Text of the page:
EXHIBITION - ARTiculate 2012 (Oct 02-05, 2012) :

Alice:”I wonder if I've been changed in the night? Let me think. Was I the same when I got up this morning? I almost think I can remember feeling a little different. But if I'm not the same, the next question is 'Who in the world am I?' Ah, that's the great puzzle! ”

Eaglet: “Speak English! I don't know the meaning of half those long words, and I don't believe you do either!”

Alice: “I can't explain myself, I'm afraid, Sir, because I'm not myself you see.”

We all know about Lewis Carroll’s book ‘Alice in wonderland’. It isn’t just a children’s book but to many it’s a philosophical questioning tool set in Alice’s dreams or for many her alter ego’s reality. As a piece of art in literary writing, it makes the reader question themselves about reality and identity while experiencing a surreal fantasy. Using the conundrum Alice faces lost in wonderland, the show intends to engage viewers in a similar philosophical dialogue with visual art where the language is non-verbal yet each artwork creates its own surreal fantasy for each individual that engages to question.

While putting together the collection of art works for this show, the main focus was to assemble a series of works which are diverse and intense; diverse to allow the viewer to experience a variety of languages in Indian art today and intense enough to bring forth the questions revolving around ‘Identity’. This collection is an invitation to all viewers to go beyond mere reflection and “step into the looking glass” to experience the questions of identity through the non-verbal vocabulary of an artist.

When an artist makes the first mark on the canvas, he/she starts the process of defining themselves through a language of signs and symbols. It becomes a visual object with a series of markings, which are non-verbal, sometimes conscious or sub-conscious, pattern or structure which lends identity to the canvas mirroring the intent of the creator i.e. the artist. Along with defining the identity of the artist through the thought, the canvas acts as a mirror for the viewer to experience this non-verbal language through their own cultural understandings and experiences. The intent of the collection is to ask each viewer to experience art through their own understanding forming their own interpretations, leaving out the connotations attached to the artists themselves as known through textual references or media. Every time we view a canvas, it reminds us of a sign or a symbol we have seen, or maybe a personal experience or a color that we like or maybe dislike, each reminder is part of our cultural understanding and our subconscious, and each of these a parts of our identity. Using art to dwell within ourselves, to question or gauge how we feel brings us closer to ourselves and the artist as an individual.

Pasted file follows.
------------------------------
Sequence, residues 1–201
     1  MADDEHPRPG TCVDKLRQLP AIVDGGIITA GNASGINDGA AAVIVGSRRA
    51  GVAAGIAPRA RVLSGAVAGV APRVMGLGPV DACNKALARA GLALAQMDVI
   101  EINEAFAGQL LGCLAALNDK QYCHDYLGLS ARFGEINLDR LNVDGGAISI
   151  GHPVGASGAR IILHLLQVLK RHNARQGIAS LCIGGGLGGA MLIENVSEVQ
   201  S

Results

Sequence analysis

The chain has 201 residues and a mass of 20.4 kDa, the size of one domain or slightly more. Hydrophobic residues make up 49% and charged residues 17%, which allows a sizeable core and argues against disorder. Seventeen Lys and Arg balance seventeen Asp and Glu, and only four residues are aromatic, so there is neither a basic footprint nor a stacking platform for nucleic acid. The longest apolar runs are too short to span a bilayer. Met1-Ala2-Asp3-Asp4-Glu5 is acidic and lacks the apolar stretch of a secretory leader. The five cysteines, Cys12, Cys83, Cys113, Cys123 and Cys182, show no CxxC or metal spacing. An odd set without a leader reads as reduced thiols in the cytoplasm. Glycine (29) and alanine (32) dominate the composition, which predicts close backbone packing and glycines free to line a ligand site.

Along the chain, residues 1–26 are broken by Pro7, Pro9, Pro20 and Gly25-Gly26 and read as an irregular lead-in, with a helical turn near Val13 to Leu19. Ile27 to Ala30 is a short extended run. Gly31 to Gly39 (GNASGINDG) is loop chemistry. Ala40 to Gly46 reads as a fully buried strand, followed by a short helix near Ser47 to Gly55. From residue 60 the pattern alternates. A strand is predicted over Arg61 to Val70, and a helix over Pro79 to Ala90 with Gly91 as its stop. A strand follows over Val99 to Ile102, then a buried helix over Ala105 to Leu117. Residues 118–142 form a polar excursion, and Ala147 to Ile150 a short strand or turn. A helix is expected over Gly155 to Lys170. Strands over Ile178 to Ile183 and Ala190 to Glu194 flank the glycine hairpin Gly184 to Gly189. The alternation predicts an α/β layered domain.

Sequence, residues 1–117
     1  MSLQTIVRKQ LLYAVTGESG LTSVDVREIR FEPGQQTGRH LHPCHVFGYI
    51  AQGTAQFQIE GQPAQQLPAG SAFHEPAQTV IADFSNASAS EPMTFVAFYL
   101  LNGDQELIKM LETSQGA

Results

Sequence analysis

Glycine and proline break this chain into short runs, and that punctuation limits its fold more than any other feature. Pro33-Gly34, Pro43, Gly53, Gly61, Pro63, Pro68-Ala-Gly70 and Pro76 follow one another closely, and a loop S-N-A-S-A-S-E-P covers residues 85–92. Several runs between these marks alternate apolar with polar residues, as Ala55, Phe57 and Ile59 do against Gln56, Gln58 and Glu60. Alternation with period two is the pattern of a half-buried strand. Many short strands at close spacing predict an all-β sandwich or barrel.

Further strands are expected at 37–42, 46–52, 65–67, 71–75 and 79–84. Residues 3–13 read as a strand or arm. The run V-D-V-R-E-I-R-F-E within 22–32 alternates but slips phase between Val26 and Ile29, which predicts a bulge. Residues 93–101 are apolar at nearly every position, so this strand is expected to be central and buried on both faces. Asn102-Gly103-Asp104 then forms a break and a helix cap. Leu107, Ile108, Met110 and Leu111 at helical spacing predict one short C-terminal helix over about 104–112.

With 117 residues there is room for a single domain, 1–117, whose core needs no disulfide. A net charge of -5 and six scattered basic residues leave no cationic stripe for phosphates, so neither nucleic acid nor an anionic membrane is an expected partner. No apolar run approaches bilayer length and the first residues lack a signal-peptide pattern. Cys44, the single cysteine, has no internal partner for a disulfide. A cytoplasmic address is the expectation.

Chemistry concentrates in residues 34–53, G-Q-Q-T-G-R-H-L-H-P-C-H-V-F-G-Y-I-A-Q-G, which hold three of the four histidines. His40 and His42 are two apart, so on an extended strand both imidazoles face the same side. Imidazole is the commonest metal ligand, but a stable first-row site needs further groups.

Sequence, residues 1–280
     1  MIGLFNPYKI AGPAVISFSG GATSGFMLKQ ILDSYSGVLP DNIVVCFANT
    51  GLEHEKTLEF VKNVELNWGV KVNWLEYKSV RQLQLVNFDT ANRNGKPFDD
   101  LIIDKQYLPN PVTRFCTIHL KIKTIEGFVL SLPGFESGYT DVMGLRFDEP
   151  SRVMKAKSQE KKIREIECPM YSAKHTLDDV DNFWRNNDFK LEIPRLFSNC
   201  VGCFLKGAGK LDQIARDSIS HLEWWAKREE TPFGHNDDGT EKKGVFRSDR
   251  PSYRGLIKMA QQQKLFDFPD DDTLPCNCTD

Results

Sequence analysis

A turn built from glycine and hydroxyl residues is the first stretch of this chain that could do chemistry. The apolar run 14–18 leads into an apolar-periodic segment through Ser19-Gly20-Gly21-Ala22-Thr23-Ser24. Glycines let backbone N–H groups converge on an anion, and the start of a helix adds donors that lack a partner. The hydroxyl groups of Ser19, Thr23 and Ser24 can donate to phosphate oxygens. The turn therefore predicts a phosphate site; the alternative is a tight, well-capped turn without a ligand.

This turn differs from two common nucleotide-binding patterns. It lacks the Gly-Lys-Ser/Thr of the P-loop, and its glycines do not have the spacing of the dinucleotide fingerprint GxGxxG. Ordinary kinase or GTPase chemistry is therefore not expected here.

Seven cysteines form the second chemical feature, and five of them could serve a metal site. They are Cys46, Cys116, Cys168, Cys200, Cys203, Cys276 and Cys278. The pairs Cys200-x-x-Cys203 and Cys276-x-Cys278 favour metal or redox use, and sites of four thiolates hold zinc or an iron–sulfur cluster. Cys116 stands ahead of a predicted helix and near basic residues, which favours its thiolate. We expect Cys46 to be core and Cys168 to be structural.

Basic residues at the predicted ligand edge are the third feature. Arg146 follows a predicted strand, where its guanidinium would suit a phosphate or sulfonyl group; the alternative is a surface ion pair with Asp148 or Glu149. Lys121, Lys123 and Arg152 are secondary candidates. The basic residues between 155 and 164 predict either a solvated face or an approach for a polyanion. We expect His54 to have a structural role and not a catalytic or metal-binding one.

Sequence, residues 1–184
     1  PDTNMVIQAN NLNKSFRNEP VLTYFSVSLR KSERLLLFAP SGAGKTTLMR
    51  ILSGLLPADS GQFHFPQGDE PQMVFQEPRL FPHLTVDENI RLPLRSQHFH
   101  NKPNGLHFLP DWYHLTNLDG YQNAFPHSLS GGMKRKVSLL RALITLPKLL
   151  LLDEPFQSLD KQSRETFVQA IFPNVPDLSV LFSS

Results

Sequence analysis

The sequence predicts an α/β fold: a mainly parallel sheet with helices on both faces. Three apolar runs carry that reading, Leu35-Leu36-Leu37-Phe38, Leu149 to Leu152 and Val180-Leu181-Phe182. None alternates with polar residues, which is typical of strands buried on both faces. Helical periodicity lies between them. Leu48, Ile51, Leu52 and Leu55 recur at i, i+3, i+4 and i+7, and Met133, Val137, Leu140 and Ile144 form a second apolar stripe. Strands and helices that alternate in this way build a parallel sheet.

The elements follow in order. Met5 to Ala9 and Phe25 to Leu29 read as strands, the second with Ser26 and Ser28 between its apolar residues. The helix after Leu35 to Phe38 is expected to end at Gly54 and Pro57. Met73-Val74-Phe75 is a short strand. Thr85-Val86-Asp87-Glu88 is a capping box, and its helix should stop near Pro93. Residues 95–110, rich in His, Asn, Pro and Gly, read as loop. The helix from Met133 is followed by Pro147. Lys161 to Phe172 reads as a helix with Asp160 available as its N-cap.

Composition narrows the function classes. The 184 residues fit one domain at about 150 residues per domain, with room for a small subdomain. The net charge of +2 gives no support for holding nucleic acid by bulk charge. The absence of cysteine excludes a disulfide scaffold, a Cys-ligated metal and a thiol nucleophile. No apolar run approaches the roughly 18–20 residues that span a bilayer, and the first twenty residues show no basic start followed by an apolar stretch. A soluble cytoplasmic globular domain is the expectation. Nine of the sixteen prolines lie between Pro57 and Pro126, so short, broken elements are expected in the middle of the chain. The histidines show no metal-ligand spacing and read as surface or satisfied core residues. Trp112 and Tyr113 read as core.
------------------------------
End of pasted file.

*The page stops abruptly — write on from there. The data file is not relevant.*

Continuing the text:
The collection of works requires the viewer to put aside chronology and significance in time for the individual artworks, explore the stylistic readings of each individual artist through pure visual aesthetic language i.e. not only tactile medium but a medium which is synonymous to communication, and to look for references/idioms which will help them come closer to understanding the artist behind the canvas and in turn their own identity.

At a parallel level, the intention is also to introduce to the viewer a large cross section of artists from India ranging from the very familiar to the new generation of young creators of the new language and syntax of Indian art. From Syed Haider Raza, Manu Parekh, Krishen Khanna and Ram Kumar, a few of the masters featured in this show, who are now recognized for their structured creations which define them through experiences of their lifetimes, to artists like Anindita Bhattacharya, Ketna Patel and Pratul Dash who define themselves through experimentation with their cultural surroundings, the show presents an opportunity for the onlooker to gauge what is shown and what they see. Stylistically each artwork holds a small nuance of the creator’s identity giving insight into the person behind the canvas. Whether it is the influence of Mughal architecture or of the pop culture prevalent in media today, the grass roots which pull together an aesthetic hold the keys to the identity of each artist.

I urge each viewer to use this collection to understand the person behind the canvas while synonymously through personal interpretations; ponder over the notion of ‘I’ using intuitive aesthetic judgments.

New Delhi, 2012